Over 75% of manufacturing involves the cutting of materials, using various mediums; among them blades, cutting tools, and lasers.  However, the majority of converting of materials is done by knives and blades with the actual cutting done by the edge of a knife and here is where our expertise comes into play. 

American Cutting Edge provides blades and knives to a myriad of industries.  To provide the very best product for the job, we work closely with the customer to produce a tool that achieves a balance between form, function and performance.

There’s a number of measures to be considered in the design of the
optimal cutting tool for any process.  One of the most important is the
cutting edge.

A customer comes to us and says: “I need a sharp blade”.  What is
sharpness?  It’s the amount of force needed to overcome the resistance of the material being cut.  But is a “sharp” blade actually the best blade for you?  Would you perhaps be better served by a cutting edge with some geometry to the edge that will reduce sharpness but extend blade life?  What’s most important to you, our customer?  Precision of cut, blade life, or perhaps cost?  Usually, it’s a combination of all three.  This is when a
consultation with one of our product managers can be helpful.

ACE’s product managers are experts in our industry, with specialized training, continuing education and years of experience working within the converting industries.  In helping our customer to design the best
possible blade with the most effective cutting edge, your product manager
takes into consideration a variety of factors, but these five are the among
the most important to consider:

1) The base material of the cutting edge.  What material will give
 you the best results for your application? Should you use a composite blade to get the best of both worlds?    

2) What are the optimal angles for the cutting edge of your blade?
    For example, a steeper angle reduces the contact area of the cutting edge and reduces the force needed to make the cut, increasing keeness and decreasing friction, but also making the blade less durable. What’s more efficient for your application?  Single, double or triple bevel?  A single or double edge blade?

3) Honing not only removes burrs, but it removes some stress risers
 from an edge and by putting a radius or some other geometric form in the edge, reduces friction and increases durability, but the trade-off is a reduction in sharpness.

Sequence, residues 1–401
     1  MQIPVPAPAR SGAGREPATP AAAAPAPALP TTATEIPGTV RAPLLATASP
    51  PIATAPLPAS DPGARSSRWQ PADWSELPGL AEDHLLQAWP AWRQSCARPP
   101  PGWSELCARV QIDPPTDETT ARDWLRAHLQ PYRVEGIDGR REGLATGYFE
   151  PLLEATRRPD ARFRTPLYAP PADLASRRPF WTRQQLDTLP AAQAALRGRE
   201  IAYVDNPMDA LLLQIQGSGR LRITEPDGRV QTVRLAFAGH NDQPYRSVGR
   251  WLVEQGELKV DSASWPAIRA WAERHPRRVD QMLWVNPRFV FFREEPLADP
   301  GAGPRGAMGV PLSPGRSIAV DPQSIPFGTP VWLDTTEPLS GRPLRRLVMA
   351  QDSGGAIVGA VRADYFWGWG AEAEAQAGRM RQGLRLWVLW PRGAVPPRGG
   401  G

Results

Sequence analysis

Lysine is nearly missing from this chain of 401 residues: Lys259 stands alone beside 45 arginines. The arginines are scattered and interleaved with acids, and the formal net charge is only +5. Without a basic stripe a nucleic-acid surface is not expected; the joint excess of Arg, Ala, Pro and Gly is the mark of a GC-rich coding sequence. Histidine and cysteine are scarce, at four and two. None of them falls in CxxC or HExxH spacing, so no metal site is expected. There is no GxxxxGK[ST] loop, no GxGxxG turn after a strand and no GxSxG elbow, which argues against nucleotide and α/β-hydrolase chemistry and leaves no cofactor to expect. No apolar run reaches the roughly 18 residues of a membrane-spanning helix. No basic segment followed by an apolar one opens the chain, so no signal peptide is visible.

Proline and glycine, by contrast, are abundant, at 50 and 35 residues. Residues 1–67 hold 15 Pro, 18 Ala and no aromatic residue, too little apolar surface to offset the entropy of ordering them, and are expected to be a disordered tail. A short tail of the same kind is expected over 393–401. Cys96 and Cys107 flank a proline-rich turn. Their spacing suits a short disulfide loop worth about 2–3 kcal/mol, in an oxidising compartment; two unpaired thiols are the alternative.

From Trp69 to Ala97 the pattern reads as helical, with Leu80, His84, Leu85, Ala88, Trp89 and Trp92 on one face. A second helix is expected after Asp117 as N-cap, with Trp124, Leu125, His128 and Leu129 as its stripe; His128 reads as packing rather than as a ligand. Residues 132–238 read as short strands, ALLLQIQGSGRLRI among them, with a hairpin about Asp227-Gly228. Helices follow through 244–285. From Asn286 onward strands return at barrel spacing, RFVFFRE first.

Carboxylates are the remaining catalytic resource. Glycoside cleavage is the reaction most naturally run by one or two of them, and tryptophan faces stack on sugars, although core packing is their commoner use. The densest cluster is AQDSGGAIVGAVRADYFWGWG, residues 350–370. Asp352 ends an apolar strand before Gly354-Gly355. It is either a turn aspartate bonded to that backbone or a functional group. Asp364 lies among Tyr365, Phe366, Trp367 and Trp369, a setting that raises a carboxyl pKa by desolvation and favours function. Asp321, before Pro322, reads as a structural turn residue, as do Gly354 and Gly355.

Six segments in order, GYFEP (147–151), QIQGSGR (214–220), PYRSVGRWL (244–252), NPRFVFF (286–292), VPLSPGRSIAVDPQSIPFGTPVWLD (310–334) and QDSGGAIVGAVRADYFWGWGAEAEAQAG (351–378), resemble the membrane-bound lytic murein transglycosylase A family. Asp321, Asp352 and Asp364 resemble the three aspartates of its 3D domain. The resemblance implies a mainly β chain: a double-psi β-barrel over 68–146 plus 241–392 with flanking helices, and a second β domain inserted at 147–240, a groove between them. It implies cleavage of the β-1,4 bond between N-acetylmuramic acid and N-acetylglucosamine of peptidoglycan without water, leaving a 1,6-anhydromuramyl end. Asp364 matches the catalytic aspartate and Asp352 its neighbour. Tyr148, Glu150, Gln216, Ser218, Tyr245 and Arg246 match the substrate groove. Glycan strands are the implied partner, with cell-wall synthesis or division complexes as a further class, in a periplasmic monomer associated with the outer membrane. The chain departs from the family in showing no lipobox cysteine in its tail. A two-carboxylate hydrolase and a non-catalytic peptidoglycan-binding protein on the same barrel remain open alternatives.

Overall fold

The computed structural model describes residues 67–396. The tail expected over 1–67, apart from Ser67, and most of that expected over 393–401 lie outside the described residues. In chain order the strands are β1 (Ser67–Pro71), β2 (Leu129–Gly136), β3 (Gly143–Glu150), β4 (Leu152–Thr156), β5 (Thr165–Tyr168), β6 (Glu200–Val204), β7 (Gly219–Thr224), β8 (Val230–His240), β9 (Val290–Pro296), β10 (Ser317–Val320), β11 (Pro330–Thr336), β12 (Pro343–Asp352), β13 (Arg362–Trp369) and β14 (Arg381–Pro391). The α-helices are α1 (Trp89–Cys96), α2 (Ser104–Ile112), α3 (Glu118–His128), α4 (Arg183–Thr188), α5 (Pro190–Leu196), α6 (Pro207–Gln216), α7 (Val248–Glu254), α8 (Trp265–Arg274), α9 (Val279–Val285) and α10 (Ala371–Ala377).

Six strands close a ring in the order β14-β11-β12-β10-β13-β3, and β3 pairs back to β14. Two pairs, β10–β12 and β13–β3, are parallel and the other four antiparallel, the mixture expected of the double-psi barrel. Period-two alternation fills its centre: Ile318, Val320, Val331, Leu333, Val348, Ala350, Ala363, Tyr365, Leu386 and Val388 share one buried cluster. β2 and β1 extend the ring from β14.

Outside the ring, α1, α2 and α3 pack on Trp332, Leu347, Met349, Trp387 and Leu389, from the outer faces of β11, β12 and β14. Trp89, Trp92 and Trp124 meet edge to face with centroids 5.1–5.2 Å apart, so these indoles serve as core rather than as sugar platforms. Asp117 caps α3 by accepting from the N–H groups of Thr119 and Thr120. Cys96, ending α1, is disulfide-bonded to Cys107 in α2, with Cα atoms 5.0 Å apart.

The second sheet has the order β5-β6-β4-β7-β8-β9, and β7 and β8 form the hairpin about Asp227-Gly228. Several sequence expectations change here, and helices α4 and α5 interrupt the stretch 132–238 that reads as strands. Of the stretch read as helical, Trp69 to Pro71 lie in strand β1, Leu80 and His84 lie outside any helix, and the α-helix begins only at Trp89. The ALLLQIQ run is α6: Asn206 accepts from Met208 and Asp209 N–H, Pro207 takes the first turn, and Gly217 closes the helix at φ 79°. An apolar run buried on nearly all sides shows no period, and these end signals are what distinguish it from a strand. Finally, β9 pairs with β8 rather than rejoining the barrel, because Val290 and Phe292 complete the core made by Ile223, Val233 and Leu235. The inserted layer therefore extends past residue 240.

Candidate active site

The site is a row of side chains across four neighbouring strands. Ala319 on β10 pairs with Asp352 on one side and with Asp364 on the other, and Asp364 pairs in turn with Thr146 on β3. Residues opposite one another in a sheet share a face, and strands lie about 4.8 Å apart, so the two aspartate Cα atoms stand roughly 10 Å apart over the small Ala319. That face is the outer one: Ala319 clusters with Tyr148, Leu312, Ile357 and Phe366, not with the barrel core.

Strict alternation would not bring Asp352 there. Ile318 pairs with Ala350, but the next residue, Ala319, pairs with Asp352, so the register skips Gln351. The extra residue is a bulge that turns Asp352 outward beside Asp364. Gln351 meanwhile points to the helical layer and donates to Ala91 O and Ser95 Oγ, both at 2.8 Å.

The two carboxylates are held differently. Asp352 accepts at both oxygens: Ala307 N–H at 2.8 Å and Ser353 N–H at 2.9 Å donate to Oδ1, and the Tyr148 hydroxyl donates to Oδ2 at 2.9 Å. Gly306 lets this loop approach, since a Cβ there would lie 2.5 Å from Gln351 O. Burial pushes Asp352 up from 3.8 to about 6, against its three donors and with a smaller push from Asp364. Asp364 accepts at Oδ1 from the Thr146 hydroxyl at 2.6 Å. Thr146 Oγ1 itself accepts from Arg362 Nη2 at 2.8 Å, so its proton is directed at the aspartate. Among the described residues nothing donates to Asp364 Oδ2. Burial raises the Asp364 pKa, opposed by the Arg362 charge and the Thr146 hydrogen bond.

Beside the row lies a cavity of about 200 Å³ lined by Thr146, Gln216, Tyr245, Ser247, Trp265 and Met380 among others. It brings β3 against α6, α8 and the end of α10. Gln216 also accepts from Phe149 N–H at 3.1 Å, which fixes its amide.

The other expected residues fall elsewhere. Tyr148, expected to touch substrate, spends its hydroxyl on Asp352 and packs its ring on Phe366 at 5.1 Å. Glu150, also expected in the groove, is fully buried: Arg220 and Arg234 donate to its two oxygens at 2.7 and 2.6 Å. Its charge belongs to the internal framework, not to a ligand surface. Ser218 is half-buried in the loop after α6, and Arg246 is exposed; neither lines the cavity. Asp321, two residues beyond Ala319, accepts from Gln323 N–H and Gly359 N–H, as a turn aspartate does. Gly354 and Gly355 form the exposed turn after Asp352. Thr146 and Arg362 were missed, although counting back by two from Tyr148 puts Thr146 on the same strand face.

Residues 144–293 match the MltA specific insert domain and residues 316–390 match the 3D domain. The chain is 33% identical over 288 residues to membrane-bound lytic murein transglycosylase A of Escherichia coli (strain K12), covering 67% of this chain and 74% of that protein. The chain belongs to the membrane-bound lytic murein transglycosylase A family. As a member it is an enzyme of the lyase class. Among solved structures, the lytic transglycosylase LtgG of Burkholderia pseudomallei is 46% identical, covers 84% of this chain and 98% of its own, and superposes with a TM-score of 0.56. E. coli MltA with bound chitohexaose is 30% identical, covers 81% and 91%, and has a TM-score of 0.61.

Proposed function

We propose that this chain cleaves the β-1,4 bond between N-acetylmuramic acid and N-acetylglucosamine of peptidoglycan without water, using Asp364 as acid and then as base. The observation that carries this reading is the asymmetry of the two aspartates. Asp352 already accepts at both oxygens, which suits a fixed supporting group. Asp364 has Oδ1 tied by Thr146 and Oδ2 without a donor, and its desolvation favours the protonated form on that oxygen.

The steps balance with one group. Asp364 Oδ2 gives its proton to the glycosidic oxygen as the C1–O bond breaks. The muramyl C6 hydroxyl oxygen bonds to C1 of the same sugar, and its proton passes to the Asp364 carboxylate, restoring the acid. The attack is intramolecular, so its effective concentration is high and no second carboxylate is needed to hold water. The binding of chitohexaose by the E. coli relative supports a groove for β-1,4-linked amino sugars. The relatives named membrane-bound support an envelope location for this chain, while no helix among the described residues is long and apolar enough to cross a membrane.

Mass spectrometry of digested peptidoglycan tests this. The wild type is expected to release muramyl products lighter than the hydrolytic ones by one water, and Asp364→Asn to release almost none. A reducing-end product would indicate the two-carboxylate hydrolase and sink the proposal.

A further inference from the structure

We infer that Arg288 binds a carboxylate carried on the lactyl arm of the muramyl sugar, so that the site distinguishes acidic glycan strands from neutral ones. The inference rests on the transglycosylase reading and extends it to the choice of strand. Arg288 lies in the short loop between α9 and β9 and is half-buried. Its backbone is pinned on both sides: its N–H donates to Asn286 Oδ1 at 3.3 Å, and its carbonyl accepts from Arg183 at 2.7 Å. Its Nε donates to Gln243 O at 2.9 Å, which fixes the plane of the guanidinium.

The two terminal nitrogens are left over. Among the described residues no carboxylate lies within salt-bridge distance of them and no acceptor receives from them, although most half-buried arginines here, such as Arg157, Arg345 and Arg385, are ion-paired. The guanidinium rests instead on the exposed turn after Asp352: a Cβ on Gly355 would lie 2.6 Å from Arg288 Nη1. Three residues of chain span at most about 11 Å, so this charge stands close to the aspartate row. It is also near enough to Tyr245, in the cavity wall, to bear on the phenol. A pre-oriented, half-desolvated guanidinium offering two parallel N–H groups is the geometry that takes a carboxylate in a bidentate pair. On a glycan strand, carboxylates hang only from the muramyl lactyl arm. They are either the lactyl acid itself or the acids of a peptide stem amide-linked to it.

4) Edge finish—a greater polish reduces friction and reduces stress

5) What’s your cutting speed?  The faster your line goes, the more
    heat is generated and this can cause a problem with sharpness.

Other criteria that an ACE product manager will take into account is the
 shear strength of the material you are cutting versus how much force it
takes to break the knife, or the TRS (transverse rupture strength). Also
important is the depth of blade indention to initiate the initial cut–this
calculation is called the “blade sharpness index”, or BSI.  Are you slicing or
cutting material?  The thinner the blade, the less friction and the more
precise the cut; a thicker blade crushes the material.

The opportunities for improved costs and throughput are not just limited
to reduced unit cost of the knife.  In some applications, knife users have
millions of dollars invested in production equipment.  An hour of down time
is a lost opportunity to achieve maximum throughput.  A recent customer was changing blades frequently and each change took about 1 hour.  The
 productive output of this converting line was approximately $40,000 per
hour.  By shutting the line down to change knives, the customer was losing
$40,000 in output, far more important than the cost of the knife.  By 
improving the technology of the knife being used, ACE was able to increase knife life by a factor of 5, thus increasing throughput by almost $200,000 per knife change.  By focusing on the customer’s need to maximize throughput and not on making the most inexpensive knife, ACE was instrumental in helping this customer improve productivity. Can we do the same for you?

Besides the engineering of the cutting edge, ACE is also able to suggest
other ways to increase blade life and durability, through a special
selection of materials, coatings, and metal treatments.  These are all
topics we’ll cover in future newsletters.

Article courtesy of American Cutting Edge Volume 2, Issue 1